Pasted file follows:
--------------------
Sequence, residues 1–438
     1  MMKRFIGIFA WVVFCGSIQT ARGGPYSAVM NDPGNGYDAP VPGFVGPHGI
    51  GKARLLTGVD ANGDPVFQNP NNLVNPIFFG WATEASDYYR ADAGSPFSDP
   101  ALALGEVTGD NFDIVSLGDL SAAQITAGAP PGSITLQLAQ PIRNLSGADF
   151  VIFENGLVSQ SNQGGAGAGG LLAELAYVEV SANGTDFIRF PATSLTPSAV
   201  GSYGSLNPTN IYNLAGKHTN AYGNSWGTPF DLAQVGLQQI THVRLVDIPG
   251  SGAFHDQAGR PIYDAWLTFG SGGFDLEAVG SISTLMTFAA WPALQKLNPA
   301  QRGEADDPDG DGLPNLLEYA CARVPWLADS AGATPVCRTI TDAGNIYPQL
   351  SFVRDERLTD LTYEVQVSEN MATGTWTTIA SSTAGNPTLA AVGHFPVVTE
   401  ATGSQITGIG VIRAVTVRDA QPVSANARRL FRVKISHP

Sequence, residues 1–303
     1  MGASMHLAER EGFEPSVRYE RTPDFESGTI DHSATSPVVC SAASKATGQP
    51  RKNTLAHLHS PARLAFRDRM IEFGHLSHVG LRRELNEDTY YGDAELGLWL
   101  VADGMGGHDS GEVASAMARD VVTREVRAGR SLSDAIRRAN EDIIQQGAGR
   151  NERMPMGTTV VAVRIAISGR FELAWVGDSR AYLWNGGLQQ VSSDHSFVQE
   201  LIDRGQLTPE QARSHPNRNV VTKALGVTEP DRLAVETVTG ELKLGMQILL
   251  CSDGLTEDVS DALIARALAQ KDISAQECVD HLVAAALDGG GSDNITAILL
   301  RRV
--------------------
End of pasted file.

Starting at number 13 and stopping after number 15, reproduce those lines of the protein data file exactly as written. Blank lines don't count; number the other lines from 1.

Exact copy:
    51  RKNTLAHLHS PARLAFRDRM IEFGHLSHVG LRRELNEDTY YGDAELGLWL
   101  VADGMGGHDS GEVASAMARD VVTREVRAGR SLSDAIRRAN EDIIQQGAGR
   151  NERMPMGTTV VAVRIAISGR FELAWVGDSR AYLWNGGLQQ VSSDHSFVQE